A Floyd Fan's Introduction
To Lee Saunders
By Mike McInnis.
It seems odd that an artist that has released
only one album should warrant an introduction-- if you are at
all interested in Lee Saunders, you have only one conceivable
starting point. And on the surface it seems strange that Pink
Floyd fans would have any particular interest in an artist such
as Saunders, who admits that the Floyd and Roger Waters have had
little (if any) influence on his work.
That said, Lee Saunders is an artist of whom
any fans of late-Waters-era Pink Floyd and Waters' solo work should
definitely sit up and take notice. Though Saunders' lone release,
1995's A Promise Of Peace, has thus far failed to make much impact
on the music scene, it seems only a matter of time before somebody
somewhere figures out what a powerful message this 39-year-old
Englishman is trying to share.
Telling the story of World War II from a decidedly
English point of view, the album is essentially a 77-minute long
tirade against the futility of war. Like Waters, Saunders looks
back at the war with eyes stained not by tears of nostalgia and
national pride, but by tears of sorrow and grief. He sees a Britain
(and indeed a world) still tortured today by the same hatred,
prejudices, and ignorance that were supposedly eliminated by WWII.
Saunders asserts that we have a responsibility to make such deaths
meaningful by learning from the sacrifices of those who died,
and by stamping out the hatred that they died to destroy.
Saunders' music is Floydian in a vague way. The
song structures and melodies don't have that familiar feel that
most of Pink Floyd's post-Dark Side music does. That's not a criticism--
sometimes I yearn for the Floyds (including Waters) to do something,
anything, that is not directly reminiscent of something they've
already done. (You know: "Mother" sounds like "Pigs on the Wing",
"Lost for Words" sounds like "Wish You Were Here", "Your Possible
Pasts" sounds like "Near the End" sounds like virtually all of
The Pros and Cons of Hitch Hiking, and so on.) But somehow the
performances capture the spirit of the classic Floyd. The blistering-guitars-over-swishing-cymbals-and-layered-synths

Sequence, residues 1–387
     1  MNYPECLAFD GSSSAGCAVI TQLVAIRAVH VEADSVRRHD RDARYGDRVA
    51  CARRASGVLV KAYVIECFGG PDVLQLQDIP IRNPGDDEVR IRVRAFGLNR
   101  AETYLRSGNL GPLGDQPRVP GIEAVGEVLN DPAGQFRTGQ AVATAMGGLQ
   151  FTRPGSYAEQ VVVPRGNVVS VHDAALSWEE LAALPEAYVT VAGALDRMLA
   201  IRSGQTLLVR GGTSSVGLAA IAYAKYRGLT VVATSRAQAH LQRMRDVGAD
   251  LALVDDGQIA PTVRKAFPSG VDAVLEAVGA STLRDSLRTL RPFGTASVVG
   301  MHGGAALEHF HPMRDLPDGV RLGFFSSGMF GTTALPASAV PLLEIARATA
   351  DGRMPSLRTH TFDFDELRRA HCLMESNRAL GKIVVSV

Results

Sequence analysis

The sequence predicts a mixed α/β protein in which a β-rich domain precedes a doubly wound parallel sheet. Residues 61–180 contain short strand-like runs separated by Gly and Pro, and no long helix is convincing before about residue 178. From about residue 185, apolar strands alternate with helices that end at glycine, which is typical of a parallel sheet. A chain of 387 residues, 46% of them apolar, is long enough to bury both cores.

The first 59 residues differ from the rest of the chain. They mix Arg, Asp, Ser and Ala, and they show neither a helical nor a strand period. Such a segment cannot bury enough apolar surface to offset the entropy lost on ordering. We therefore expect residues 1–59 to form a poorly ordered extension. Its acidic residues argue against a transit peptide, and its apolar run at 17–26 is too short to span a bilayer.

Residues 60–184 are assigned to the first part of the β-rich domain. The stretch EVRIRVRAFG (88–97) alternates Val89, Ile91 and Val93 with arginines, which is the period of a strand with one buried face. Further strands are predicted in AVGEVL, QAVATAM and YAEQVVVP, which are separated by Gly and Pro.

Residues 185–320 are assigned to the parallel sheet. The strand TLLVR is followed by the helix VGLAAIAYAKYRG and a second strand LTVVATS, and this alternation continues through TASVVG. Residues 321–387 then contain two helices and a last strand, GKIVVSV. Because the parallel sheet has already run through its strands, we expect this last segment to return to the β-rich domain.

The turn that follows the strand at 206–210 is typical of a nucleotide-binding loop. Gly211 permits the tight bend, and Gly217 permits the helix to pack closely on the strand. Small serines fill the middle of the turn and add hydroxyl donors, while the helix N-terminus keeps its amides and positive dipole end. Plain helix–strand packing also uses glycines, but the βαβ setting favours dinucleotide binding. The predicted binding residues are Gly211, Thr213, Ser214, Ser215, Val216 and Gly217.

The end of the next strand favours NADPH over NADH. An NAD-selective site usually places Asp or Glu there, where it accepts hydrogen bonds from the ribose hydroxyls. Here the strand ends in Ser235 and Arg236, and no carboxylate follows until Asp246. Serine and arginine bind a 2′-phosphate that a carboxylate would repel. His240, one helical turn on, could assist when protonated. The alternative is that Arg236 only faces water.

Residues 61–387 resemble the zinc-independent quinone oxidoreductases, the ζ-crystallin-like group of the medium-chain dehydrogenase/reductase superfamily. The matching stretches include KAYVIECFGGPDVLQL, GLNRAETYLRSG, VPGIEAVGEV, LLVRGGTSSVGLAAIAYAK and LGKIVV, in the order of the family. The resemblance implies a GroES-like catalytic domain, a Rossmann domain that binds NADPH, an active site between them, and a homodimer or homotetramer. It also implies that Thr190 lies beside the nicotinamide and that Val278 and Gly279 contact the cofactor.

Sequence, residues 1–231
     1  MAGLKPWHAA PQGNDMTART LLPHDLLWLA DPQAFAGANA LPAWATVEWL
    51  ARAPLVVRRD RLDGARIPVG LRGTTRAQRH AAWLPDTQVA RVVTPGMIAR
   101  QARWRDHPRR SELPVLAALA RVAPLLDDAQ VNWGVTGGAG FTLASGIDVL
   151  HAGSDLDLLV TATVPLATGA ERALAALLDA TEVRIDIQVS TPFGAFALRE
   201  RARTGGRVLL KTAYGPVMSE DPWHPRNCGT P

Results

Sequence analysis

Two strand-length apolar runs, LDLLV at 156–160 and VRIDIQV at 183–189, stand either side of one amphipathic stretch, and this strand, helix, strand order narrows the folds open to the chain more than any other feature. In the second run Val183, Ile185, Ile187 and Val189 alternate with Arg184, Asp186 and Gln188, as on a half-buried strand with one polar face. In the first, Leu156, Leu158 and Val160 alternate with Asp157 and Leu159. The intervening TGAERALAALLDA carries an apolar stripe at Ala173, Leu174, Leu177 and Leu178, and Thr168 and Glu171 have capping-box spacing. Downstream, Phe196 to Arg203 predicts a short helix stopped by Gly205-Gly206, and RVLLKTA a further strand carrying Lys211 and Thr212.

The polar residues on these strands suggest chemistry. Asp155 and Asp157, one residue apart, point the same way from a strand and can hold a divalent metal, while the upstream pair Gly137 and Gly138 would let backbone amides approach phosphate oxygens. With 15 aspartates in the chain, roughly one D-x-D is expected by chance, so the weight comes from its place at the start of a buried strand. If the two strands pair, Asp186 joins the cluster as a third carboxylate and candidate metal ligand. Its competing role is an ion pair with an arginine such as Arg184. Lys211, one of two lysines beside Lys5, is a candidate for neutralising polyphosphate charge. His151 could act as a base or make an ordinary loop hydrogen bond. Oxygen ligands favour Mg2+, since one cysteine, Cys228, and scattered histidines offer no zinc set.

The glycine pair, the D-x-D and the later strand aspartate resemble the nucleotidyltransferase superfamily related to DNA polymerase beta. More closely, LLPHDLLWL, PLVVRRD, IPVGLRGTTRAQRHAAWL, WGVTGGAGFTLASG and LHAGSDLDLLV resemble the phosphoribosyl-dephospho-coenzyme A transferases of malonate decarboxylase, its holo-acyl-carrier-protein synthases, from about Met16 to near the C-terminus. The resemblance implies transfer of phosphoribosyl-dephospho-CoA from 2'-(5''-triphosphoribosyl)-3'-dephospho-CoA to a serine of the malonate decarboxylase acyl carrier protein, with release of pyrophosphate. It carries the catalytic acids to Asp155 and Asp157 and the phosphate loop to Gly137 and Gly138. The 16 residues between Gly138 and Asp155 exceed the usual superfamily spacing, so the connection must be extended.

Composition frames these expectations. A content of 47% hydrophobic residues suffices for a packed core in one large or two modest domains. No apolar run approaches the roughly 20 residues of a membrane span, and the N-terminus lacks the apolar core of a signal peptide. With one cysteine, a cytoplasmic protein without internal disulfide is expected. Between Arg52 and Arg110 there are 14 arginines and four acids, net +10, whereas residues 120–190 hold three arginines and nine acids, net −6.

of "Overlord" remind me of "Shine On" and much of The Wall. The
funky backbeat of "For A Thousand Years" sounds all the world
like "What God Wants" and "The Bravery of Being Out of Range".
There are loads of keyboards throughout (Saunders
is, after all, a keyboardist), but there are plenty of guitars
too-- acoustic strumming and arpeggios à la Roger Waters as well
as killer lead parts à la David Gilmour (well, not quite David
Gilmour). There is a lovely sax solo in "Is This The Shape? part
1", and female backing vocalists who are capable of solo moments
that would make Clare Torry and P.P. Arnold (or Rachel Fury, if
that's more your speed) proud.
But in general, this isn't necessarily an album
that Floyd fans will settle into comfortably on the first listen.
Saunders makes more use of syncopated, hip-hop influenced beats
than Waters ever would (though not as heavily as Rick Wright did
in Broken China), and near the end of the album he leans heavily
toward funk in a somewhat dissatisfying way. Still, like Amused
to Death, this is an album that really grows on you with repeated
listens-- by the time begin to become familiar with the songs,
you really find yourself hooked.
Lyrically, Saunders hints at topics very similar
to ones that Waters has explored in the past, but in very different
ways. In a song thematically reminiscent of "Us and Them", Saunders
compares soldiers to pawns, and war to a chess game played by
unfeeling generals. In another, he mocks the letters sent by the
generals to the mothers of the killed soldiers, telling how they
died, then nonchalantly asking if the grieving mothers have any
more sons to sacrifice to the army's cause. He makes subtle references
to Shakespeare, and less subtle references to T.S. Eliot. Saunders
doesn't quite have Waters' poetic touch, and the lyrics lose a